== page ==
Interview With Gameloft’s Spider-Man Unlimited Team


Spider-Man Unlimited is an endless runner that we at Whateveraspidercan have always enjoyed. Simply type in Spider-Man Unlimited or SMU into the search bar and you’ll find a variety of articles on our site that cover the mobile app. With the recent introduction of Titan Spideys and a large update on the way, I reached out to Gameloft to interview the Spider-Man Unlimited team about game design, game balance, new content, and more. Read on to learn a bit of history about the game’s development, and the thought process that goes into creating and maintaining the popular Marvel app. I’ve split the interview into three articles for ease of reading, with the first part found below. (WASC): First off, would you like to introduce yourselves?

Tatiana Nahai (TN): This is Tatiana Nahai, the Product Manager for Spider-Man Unlimited.

Kyle West (KW): And I’m Kyle West, the Game Community Manager for Spider-Man Unlimited.

WASC: Very nice to meet you guys, and thanks for having us. Let’s jump right into the first question.

Part 1: Game Design and Design Philosophy

WASC: What sets Spider-Man Unlimited apart from other endless runners is the multiple styles of motion and actions, with running, swinging, climbing, falling, and fighting bosses. The system proved to be a breath of fresh air that broke up the monotony of a simple run/jump/slide design. How did the developers conceive this system, and closely related to that question, how did the overarching idea of Spider-Man Unlimited come to be?

TN: We knew that endless runners were really popular and felt that people really enjoyed them, but there hasn’t been an endless runner that really broke the mold for what you could do, and the gameplay (of Spider-Man Unlimited) really works well for mobile devices and for a super hero character like Spider-Man. For the analysis of the game-play, we started from the beginning by looking at Spider-Man’s core powers. That was the key differentiation, how to make an endless runner that is true to the branding and true to the character. Originally the idea was for it to be a 100% swinger game, but through testing various gameplay styles and trying to implement innovative systems, we found that ultimately it didn’t really work. The gameplay was a bit boring, and led to questions such as what happened when spider-man went on the floor -then he could just run. 

Originally the idea was for it to be a 100% swinger game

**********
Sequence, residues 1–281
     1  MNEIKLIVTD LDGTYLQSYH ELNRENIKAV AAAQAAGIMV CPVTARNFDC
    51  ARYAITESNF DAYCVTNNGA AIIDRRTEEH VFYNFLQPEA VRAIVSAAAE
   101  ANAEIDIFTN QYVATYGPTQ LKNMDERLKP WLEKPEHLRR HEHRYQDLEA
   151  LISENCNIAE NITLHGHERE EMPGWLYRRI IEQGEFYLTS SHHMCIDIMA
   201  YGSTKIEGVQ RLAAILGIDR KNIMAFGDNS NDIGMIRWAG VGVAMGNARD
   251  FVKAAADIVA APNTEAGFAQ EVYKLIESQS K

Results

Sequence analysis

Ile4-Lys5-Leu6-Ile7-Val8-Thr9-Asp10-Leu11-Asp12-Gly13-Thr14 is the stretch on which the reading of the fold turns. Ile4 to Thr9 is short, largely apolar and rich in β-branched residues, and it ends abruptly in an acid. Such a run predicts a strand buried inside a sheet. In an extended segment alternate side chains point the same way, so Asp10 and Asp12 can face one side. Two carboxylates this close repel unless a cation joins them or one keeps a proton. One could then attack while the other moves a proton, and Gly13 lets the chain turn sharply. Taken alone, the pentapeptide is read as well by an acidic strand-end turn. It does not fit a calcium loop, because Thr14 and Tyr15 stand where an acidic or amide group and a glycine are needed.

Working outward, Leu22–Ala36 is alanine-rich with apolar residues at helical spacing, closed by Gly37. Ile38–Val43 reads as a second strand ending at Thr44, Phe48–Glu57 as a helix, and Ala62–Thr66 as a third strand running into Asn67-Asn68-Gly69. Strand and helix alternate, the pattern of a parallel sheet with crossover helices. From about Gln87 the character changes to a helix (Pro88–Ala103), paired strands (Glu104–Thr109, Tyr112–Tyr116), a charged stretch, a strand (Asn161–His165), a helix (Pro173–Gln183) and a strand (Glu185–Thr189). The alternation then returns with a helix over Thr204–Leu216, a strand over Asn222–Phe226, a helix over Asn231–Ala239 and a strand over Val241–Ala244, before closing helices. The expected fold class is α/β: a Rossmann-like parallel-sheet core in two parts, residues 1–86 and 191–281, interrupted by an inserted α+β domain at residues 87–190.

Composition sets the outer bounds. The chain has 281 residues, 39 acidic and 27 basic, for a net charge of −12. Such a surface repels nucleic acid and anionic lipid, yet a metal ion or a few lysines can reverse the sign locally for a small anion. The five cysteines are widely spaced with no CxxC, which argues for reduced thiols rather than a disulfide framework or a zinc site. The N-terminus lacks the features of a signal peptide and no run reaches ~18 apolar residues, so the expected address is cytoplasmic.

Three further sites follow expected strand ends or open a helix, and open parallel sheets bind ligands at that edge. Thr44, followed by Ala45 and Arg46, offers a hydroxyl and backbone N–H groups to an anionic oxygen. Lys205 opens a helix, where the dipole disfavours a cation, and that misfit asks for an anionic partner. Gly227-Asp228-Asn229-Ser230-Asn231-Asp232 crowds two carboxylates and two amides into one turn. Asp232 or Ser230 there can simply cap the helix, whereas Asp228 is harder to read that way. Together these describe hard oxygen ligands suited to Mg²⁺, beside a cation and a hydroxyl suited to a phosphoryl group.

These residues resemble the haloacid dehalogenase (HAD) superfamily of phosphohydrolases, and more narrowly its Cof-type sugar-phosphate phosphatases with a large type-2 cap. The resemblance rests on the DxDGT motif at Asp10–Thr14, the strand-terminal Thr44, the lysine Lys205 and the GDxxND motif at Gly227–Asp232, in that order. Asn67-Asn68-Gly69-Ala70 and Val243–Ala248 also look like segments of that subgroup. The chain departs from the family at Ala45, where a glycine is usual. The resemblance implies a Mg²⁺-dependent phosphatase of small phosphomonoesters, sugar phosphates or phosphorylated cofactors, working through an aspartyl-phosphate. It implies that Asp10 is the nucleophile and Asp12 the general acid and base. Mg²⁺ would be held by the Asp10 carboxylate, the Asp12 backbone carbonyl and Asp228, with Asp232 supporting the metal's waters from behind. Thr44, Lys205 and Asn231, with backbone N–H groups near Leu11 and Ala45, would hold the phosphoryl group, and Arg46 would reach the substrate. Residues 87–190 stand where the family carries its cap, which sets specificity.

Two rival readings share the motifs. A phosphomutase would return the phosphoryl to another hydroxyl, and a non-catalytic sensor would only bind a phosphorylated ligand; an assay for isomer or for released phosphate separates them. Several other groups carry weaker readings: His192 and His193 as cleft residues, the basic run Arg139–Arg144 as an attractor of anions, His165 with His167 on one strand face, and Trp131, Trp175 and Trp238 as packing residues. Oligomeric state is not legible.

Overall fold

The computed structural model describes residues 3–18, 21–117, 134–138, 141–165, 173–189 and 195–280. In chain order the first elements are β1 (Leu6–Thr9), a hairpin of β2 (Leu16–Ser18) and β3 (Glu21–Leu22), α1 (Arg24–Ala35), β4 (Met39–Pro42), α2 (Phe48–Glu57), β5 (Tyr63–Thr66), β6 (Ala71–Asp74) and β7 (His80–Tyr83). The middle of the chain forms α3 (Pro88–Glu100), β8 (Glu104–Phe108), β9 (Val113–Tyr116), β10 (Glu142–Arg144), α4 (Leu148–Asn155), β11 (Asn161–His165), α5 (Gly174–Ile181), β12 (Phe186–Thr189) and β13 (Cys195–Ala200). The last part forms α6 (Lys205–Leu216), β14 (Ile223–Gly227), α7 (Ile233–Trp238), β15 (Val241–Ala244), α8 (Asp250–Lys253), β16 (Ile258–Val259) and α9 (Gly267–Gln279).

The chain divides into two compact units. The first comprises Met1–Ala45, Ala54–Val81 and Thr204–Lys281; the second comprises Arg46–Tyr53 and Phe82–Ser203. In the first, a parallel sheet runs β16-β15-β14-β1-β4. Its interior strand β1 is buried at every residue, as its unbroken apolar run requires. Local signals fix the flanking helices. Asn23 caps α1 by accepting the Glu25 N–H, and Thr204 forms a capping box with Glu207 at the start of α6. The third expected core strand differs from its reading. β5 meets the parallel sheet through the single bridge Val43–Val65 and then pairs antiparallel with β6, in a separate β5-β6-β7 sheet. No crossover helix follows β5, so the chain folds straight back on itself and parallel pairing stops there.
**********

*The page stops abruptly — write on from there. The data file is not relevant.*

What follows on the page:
We reassessed the gameplay to focus more on a typical runner, but with great elements of swinging, fighting, wall climbing, and sky diving that allowed for gameplay differentiation. It was really just a core analysis of what spider-man can do and what his core powers are, as well as a lot of research and development in terms of what worked and what didn’t. We played around with a lot of gameplay modes as well, like a first person hitting mode and a dimensional run where you ran into mini Green Goblins, but ultimately weeded out the modes that didn’t perform as well, creating a really strong balance in the end.

WASC: I would say that you have a winning formula here, and knowing that it was originally a 100% swinging game that branched into other game types, when exactly did bosses come into play?

TN: Well we always wanted bosses. When we were swinging they were kind of flying around, but it was a bit complicated when we had the swinging plus the bosses. We always knew we wanted boss attacks; however, for a runner it was really hard to figure out exactly how to do that because the game constantly had to be moving. Whereas in a normal fight you would not be moving in a straight line, but rather staying in and moving around in one place. Again, it was a lot of research and development on what worked and what didn’t, and also what a casual gamer could experience and really enjoy without it being too overwhelming.

WASC: Bosses are what really impressed me from the get go. I started playing when the game first came out, and when I got to a boss I was staggered by the sequence, because I did not expect that whatsoever in a runner. It really works well

TN: Right, it definitely made the game a lot more mid-core whereas the original intent was to make it for kids who could play, though I think transitioning into more of a mid-core gamer audience just naturally suited the economy of the game anyway – with the amount of spiders that we release and the rank up system that we have.

WASC: The Spider-Man Unlimited Team was given the chance to create a brand new world and story. Considering that there are some interesting character interactions in the game such as the Superior Spider-Man talking to a version of Doctor Octopus, I would think the writers can have some fun with the dialogue. Is there a specific overall script the game follows, or are the writers given more of a guideline, and get to fill in the blanks with quips and banter?

TN: A little bit of both. The core story is the Sinister Six and the dimensional variations of each character/Spidey, so that always needs to be the key story and play some sort of part in whatever we do. Spider-Verse slightly went in a different direction, but it still had that core story in it, and that’s really the only restriction. In terms of narrative and stories we talk very closely with Marvel about stories that we can do. As the product manager and real owner of the content, I identify the best possible stories and themes that we can do, and then discuss it with the narrative designer. He comes up with the dialogue and core story which we then consult with a Marvel writer. Specifically we work with Fred Van Lente at Marvel Comics, who gives us his feedback on the dialogues and any ideas he might have to improve them.